She grew up in a community where women rule and men are banned
Updated 1017 GMT (1817 HKT) January 30, 2019
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Umoja Village, Samburu County, Kenya — Rosalina Learpoora has always been surrounded by women.
At age 18, she lives in an all-women village in northern Kenya, where she spends her evenings doing homework, fetching firewood or beading colorful jewelry.
Learpoora has called Umoja home since she was 3. There, a group of 48 women live with their children in huts protected by thorny brush to keep away intruders. When a man trespasses, they notify the local police, who either issue a warning or arrest the culprit -- depending on the number of offenses.
The village was started in 1990 by 15 women who became stigmatized in their communities after they were raped by British soldiers from a base at nearby Archer's Post, a trading center bordering Samburu and Isiolo. Some of the rape survivors say their husbands accused them of bringing dishonor to their families and kicked them out. They found a piece of land, moved there and named it Umoja -- Swahili for unity.
It has since grown into a refuge, welcoming women escaping abusive marriages, female genital mutilation, rape and other forms of assault. Even some women whose husbands died have found solace and a home there.
She fled there to escape genital mutilation
Learpoora never met her father -- she was told he died when she was 3. Terrified that her extended family would force her to undergo female genital mutilation, her mother strapped her to her back and fled to Umoja, where they've lived as part of the sisterhood for 15 years.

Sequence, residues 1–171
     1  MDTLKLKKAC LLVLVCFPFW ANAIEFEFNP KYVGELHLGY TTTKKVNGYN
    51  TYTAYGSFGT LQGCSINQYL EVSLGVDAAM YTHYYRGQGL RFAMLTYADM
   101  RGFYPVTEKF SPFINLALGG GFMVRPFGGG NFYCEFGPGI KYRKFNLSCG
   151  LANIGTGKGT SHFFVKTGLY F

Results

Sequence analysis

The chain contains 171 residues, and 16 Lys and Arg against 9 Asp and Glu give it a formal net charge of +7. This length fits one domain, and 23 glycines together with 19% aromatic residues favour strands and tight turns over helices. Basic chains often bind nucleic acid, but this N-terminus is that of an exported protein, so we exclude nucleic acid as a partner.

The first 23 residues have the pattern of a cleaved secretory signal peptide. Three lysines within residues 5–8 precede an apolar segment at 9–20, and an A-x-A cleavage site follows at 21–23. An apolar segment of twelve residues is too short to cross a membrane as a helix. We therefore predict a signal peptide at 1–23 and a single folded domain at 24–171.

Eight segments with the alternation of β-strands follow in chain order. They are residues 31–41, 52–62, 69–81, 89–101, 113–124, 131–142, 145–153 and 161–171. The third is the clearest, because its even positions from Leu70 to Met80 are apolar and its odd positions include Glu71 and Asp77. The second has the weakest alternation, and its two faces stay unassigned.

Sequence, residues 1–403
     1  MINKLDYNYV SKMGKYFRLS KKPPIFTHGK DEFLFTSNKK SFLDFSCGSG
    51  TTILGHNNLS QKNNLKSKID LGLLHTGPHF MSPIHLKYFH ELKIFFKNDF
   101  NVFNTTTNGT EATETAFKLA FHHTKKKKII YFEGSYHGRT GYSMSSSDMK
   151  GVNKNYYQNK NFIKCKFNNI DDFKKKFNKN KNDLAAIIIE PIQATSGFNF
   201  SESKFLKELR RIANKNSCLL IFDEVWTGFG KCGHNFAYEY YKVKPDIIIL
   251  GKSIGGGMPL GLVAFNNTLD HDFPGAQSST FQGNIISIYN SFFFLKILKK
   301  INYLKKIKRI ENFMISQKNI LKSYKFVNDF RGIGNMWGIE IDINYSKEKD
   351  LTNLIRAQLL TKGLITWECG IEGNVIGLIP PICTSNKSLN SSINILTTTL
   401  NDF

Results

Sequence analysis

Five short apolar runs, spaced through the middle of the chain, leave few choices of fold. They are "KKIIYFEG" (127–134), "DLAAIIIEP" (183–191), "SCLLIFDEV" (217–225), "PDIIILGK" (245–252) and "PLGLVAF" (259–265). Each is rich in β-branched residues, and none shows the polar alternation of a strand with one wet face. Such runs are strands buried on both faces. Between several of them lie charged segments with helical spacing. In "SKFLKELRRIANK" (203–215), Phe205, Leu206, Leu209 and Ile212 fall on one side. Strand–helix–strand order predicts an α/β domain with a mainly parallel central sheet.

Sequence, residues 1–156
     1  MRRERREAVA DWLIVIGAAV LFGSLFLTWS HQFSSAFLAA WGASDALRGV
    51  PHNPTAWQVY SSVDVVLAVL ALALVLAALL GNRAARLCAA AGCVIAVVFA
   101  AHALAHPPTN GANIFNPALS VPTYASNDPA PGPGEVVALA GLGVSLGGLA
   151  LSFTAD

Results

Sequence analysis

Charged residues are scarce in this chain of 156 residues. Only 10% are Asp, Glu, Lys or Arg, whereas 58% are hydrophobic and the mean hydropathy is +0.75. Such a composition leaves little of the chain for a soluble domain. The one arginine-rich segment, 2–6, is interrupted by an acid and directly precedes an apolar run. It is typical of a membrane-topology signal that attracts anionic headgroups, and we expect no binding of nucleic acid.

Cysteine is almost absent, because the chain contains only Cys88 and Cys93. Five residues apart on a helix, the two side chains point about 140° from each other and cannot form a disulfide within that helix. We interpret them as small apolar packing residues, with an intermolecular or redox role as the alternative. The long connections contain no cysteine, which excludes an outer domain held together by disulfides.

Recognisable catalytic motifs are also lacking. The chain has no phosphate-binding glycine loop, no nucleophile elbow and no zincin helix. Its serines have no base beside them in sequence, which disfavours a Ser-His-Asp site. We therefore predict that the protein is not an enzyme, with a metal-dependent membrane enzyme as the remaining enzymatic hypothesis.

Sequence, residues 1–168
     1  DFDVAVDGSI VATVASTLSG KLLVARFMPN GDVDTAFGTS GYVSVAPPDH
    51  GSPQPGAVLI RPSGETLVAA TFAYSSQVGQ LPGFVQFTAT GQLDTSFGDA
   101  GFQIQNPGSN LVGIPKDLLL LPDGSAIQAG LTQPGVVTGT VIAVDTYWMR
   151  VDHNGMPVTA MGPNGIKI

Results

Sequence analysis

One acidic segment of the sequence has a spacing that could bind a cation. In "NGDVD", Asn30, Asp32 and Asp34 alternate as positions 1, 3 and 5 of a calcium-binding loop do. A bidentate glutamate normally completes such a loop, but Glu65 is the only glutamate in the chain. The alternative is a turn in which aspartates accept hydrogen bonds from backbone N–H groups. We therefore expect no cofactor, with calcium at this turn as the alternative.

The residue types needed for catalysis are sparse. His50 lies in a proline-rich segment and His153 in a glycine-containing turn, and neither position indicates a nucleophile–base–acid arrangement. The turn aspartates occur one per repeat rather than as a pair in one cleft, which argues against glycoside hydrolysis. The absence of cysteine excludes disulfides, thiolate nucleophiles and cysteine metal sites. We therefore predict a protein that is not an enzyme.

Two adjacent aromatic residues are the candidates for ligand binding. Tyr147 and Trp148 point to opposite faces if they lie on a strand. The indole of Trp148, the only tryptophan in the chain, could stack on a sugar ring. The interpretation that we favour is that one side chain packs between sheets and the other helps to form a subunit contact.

The women of Umoja are all of the Samburu culture, an extremely patriarchal society that practices female genital mutilation and believes in polygamy.
Umoja women span generations, with the oldest resident at the village aged 98 and the youngest six months old. Women of all ages flee there, some with newborn babies in tow.
When the boys who live there with their mothers reach 18, they have to move out of the village, Learpoora says.
At the village, traditional Samburu huts known as manyattas dot the landscape. The sounds of cackling chicken and giggling children fill the air.
Like the other women in the village, Learpoora lives with her mother in a small manyatta made of wood, twigs and cow dung. Inside, the only light is from the glowing embers of a fire anchored by three large rocks.
In the evening, the tiny, modular structures are full of life, with chattering women sitting around the fire to talk about their day as beans and corn simmer in large pots.
"I grew up surrounded by so many women," Learpoora says. "It's like having different mothers all around you."
They make beaded necklaces and pool the money
Outside the huts, women sit on mats to watch children play. Sometimes, they sing and dance to traditional Samburu songs, their brightly colored ornaments and wraps moving with the beat. Other times, they quietly make the the round beaded necklaces that are a trademark among Samburu women, which they sell to make money for the community.
"Once they sell the necklaces, they give the money to the village's matriarch, who then allocates the amount for food to each family based on the number of children per homestead," Learpoora says. "Some of that money is also set aside to go toward educ